Development cooperation has created a range of instruments to support private companies wishing to invest in partner countries whilst also pursuing development goals. These instruments are primarily expected to mobilise the additional funding needed to finance the Sustainable Development Goals (SDGs). But as to how far private sector engagement is achieving this and other objectives, until now the only research has taken the form of evaluations and academic studies on individual projects and instruments. In the evaluation synthesis by DEval (Habbel et al., 2021) the available evidence on private sector engagement is analysed systematically for the first time. This policy brief summarises the most important findings and recommendations from the evaluation synthesis by DEval.
Cooperation between development policy actors and the private sector is becoming increasingly important, among other reasons because the development community anticipates that it will mobilise additional resources for achieving the Sustainable Development Goals (SDGs). Until now, however, the only research on whether the goals of such cooperation have been achieved has taken the form of evaluations and academic studies on individual projects and instruments. This evaluation synthesis attempts to fill this gap by systematically analysing the available evidence on private sector engagement within German and international development cooperation.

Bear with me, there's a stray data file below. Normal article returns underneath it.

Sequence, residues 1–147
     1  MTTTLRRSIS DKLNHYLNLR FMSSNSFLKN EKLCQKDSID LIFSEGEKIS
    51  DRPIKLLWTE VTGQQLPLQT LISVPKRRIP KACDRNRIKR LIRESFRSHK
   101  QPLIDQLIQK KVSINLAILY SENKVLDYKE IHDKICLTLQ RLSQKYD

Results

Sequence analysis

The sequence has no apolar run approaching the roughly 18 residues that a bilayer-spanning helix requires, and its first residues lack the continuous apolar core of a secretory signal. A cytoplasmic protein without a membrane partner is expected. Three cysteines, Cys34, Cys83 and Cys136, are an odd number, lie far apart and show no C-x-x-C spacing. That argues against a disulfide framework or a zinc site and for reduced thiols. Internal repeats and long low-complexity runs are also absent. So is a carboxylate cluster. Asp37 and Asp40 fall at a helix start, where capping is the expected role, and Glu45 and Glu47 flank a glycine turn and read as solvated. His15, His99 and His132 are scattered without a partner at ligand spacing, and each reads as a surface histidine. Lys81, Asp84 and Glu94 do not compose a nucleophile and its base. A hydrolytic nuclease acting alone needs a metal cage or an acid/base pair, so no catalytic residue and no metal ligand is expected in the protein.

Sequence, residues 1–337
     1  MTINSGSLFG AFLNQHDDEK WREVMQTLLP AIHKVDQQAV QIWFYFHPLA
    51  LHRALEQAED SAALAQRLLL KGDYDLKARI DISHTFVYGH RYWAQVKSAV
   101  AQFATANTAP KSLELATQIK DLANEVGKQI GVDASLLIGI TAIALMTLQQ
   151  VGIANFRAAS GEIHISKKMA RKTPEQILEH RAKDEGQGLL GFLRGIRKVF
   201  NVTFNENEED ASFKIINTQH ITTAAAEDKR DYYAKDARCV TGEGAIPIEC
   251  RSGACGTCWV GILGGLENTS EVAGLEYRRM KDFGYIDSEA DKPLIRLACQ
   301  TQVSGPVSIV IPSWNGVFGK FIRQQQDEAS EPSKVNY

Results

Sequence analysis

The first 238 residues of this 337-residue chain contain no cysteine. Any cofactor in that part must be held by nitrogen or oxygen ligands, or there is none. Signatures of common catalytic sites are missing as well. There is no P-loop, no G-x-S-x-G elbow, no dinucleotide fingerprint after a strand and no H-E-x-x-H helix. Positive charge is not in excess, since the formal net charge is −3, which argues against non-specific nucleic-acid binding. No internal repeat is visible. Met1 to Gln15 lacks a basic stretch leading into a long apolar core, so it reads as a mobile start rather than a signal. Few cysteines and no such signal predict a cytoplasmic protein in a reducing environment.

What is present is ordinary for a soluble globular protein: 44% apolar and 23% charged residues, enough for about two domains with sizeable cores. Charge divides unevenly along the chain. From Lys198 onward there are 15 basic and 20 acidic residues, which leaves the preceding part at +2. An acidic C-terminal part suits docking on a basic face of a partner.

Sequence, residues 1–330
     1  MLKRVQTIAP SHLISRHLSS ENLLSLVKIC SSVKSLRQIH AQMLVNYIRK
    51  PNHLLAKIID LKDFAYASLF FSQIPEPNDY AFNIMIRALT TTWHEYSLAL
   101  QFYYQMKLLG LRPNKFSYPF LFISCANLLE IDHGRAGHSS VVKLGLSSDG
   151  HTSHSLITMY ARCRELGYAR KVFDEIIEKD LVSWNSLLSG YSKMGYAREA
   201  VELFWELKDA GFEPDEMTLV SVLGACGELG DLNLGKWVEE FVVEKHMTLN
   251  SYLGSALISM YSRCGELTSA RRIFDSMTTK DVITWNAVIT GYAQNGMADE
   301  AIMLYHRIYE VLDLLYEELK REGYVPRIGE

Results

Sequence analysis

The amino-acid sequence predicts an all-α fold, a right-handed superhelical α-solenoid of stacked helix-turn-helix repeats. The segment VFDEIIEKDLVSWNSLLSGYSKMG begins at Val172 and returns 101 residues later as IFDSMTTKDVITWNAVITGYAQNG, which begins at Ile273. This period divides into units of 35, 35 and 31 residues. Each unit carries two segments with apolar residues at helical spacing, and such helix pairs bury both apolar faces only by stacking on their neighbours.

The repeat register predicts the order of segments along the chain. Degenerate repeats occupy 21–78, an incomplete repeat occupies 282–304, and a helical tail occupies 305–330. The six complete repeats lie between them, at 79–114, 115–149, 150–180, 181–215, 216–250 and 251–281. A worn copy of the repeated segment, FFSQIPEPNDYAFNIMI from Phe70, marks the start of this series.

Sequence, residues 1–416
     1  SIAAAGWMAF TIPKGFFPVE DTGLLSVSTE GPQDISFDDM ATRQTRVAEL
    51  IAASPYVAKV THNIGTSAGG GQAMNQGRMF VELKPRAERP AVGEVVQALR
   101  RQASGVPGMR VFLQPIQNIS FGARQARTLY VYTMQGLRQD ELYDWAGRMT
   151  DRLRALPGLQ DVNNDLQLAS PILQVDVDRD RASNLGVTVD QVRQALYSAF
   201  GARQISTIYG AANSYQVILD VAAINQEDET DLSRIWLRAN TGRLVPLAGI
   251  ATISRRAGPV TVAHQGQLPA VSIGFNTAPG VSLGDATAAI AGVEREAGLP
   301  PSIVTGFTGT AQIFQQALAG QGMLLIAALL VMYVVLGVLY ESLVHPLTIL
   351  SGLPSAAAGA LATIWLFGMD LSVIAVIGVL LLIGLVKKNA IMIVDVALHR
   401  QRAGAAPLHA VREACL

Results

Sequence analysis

This policy brief summarises the results of a representative survey on international solidarity during the coronavirus pandemic among 1,000 individuals in Germany conducted in November 2021. These show that despite the acute coronavirus situation in Germany, the high level of public support for measures to tackle the pandemic in the Global South provides a solid basis for development cooperation.
Eger, J., S. H. Schneider, N. Sassenhagen and M. Bruder (2022), COVID-19: The general public's attitudes towards development policy measures and vaccine distribution. Results of a survey on international solidarity during the coronavirus pandemic, DEval Policy Brief 2/2022, German Institute for Development Evaluation (DEval), Bonn.
Eine systematische Nutzung von RS-Daten ermöglicht durch Hinzunahme einer räumlichen Dimension eine bessere Beantwortung der Evaluierungsfragen. In diesem Policy Brief wird der methodische Ansatz von DEval zur Analyse von hochauflösenden RS-Daten unter Anwendung von Bildklassifizierungstechniken und Techniken des maschinellen Lernens (ML) vorgestellt. DEval hat den Ansatz in enger Zusammenarbeit mit RS-Fachleuten der Fakultät für Geoinformationswissenschaften und Erdbeobachtung (ITC) an der Universität Twente in den Niederlanden entwickelt.
Leppert, G., M. Lech, S. Ghaffarian and N. Kerle (2022), Policy Brief: Evaluierung aus der Vogelperspektive: Innovativer Einsatz von Fernerkundungstechniken, DEval Policy Brief 4/2022, Deutsches Evaluierungsinstitut der Entwicklungszusammenarbeit (DEval), Bonn.
'Residual climate risks' are those climate risks that remain after risks have been reduced through mitigation and adaptation. To achieve the Sustainable Development Goals, residual climate risks need to be managed effectively. So far, only sporadic evidence is available on the effectiveness of instruments for managing these risks. Against this background, the present evaluation module report fills the knowledge and evaluation gap on the relevance and effectiveness of the instruments applied so far to manage residual climate risks.